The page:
Use rapid resistance exercises to recover from long-term inactivity, say Roehampton researchers
- Wednesday, November 27, 2019
Researchers have concluded that the best way to recover quickly from long-term injury is to use typical resistance exercises, but to focus on lifting as quickly as possible
Rehabilitation programmes should work to build the strength involved in these types of activities, using typical resistance exercises (e.g., leg press), but with the attention of lifting the resistance as rapidly as possible, according to researchers including Neale Tillin, Senior Lecturer in Life Sciences at the University of Roehampton.
Tillin, Amy Sibley and colleagues at the University of Roehampton used below-knee amputees as a model to understand muscular changes that happen with long-term inactivity. Similar changes might happen in the muscles of someone who is hospitalised, sedentary, or travelling in space. The advantage of using amputees is that previous research has shown that the thigh muscles of individuals with an amputation below the knee are used less during movement and therefore become weak. This makes below the knee amputees excellent subject for study of long-term inactivity, avoiding ethical issues with enforcing prolonged physical inactivity.
Scientific studies have previously defined two main types of strength: maximum and explosive. Maximum strength is what it sounds like, the maximum capacity of your muscles for producing force. People rarely need to utilise this maximum capacity in daily activities.
Explosive strength is the ability to quickly produce force, and is relevant during many daily activities such as recovering from a loss of balance, avoiding joint injuries, and when playing sports. The researchers showed that when they compared maximum and explosive strength, amputees lost comparatively more explosive strength.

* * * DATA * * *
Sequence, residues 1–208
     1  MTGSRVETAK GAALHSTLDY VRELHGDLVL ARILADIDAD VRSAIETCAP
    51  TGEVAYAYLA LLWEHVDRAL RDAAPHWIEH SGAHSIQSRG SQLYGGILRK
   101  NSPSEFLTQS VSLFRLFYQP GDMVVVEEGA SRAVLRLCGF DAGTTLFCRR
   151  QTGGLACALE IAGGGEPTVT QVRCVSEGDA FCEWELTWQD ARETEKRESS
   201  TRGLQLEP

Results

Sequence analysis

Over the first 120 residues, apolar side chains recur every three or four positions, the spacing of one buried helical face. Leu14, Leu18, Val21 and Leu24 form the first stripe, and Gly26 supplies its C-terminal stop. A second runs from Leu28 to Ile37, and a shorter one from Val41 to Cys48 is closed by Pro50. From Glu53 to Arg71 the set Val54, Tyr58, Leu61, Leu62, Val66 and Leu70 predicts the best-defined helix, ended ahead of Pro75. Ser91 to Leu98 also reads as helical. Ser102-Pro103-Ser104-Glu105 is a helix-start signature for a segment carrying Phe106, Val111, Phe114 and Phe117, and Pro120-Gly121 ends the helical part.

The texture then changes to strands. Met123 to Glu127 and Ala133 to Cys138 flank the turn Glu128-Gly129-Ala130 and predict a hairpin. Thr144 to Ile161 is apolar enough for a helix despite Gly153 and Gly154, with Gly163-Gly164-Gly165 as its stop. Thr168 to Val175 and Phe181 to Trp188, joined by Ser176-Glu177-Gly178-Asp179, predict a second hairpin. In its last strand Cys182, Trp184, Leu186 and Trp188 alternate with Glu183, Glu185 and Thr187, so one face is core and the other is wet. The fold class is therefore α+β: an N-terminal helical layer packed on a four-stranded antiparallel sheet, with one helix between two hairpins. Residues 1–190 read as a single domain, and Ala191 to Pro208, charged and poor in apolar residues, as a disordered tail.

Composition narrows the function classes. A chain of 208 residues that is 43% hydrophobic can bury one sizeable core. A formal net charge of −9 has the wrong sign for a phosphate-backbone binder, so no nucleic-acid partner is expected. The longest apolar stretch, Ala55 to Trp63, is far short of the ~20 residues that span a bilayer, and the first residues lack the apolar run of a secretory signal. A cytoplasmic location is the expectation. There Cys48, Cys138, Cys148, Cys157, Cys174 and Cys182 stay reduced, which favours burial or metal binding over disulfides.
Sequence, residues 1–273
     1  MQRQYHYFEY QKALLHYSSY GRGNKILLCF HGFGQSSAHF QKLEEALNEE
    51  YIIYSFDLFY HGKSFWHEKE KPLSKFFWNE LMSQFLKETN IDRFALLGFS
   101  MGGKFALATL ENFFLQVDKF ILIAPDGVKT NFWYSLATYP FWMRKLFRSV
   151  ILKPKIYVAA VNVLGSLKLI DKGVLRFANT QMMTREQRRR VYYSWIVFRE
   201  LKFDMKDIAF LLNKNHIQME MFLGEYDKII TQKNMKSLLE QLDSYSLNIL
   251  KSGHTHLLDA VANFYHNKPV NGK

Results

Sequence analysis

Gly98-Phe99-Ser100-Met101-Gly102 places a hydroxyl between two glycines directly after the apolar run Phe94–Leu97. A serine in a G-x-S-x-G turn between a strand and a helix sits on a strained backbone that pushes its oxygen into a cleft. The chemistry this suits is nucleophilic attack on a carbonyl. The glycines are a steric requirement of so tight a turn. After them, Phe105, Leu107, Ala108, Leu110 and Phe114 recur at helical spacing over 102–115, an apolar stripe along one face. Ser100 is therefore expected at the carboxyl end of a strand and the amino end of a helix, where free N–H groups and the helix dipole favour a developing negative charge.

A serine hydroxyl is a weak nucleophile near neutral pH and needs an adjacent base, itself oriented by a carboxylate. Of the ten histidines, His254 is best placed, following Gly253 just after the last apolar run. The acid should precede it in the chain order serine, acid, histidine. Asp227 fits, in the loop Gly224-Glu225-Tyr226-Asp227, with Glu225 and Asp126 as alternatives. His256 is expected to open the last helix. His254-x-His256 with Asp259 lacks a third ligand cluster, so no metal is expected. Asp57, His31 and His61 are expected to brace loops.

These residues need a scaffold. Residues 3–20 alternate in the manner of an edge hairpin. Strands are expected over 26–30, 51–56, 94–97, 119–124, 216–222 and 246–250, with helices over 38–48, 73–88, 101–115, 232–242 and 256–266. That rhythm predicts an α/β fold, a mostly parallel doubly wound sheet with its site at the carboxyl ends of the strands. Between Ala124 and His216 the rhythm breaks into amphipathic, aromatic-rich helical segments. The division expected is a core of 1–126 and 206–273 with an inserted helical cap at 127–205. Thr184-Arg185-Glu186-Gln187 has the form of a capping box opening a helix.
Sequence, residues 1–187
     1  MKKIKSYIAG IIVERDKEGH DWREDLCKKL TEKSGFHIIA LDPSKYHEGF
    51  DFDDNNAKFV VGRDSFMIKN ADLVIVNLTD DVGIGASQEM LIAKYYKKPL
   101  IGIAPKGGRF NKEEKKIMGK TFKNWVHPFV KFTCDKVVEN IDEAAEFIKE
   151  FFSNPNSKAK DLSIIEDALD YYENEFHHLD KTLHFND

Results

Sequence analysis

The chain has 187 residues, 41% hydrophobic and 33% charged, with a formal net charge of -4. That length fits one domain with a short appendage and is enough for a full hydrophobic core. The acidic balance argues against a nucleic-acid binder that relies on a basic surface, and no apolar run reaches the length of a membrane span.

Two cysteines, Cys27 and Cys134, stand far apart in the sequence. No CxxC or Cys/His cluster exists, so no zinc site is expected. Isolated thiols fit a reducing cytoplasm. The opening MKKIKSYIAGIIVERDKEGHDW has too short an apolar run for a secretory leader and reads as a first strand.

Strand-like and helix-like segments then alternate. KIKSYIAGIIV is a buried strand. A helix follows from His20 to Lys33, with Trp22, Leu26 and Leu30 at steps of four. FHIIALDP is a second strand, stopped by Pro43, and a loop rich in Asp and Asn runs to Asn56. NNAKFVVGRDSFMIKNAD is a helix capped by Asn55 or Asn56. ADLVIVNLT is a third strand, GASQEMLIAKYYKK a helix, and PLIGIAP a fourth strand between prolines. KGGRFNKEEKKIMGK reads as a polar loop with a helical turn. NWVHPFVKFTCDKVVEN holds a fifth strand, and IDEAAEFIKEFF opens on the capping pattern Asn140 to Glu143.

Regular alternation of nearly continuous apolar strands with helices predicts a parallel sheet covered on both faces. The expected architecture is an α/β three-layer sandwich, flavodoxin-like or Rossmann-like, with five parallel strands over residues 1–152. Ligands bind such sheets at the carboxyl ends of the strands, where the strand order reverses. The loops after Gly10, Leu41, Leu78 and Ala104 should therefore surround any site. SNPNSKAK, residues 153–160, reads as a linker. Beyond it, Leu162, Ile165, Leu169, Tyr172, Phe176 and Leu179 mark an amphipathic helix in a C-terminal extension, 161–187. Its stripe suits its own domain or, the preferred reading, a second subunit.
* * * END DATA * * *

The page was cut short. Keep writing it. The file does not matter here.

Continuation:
They also found that the muscular changes that accompanied this reduction in strength could not have been anticipated from the typical short-term bedrest studies, and were specific to the type of strength examined.
Therefore, rehabilitation regimens (for amputees or other populations who have experienced inactivity) should be tailored to help them recover explosive strength specifically.
Neale Tillin said ‘Several years of hospitalisation, one example of muscle inactivity, causes a disproportionate decline in the muscle strength known to affect balance, increase the risk of joint injuries, and hinder movements involved in sports. Our research shows that the best way to regain the strength needed for daily activities such as avoiding falls is to focus on rapid resistance exercises’.
The University of Roehampton offers courses in the area of human biology including Sport and Exercise Sciences. Our Life Sciences department also runs the Sport and Exercise Science Research Centre with state-of-the-art equipment located in specialist research and teaching spaces - a physiology laboratory, environmental chamber, cell-culture and wet laboratories, psychology and biomechanics laboratories.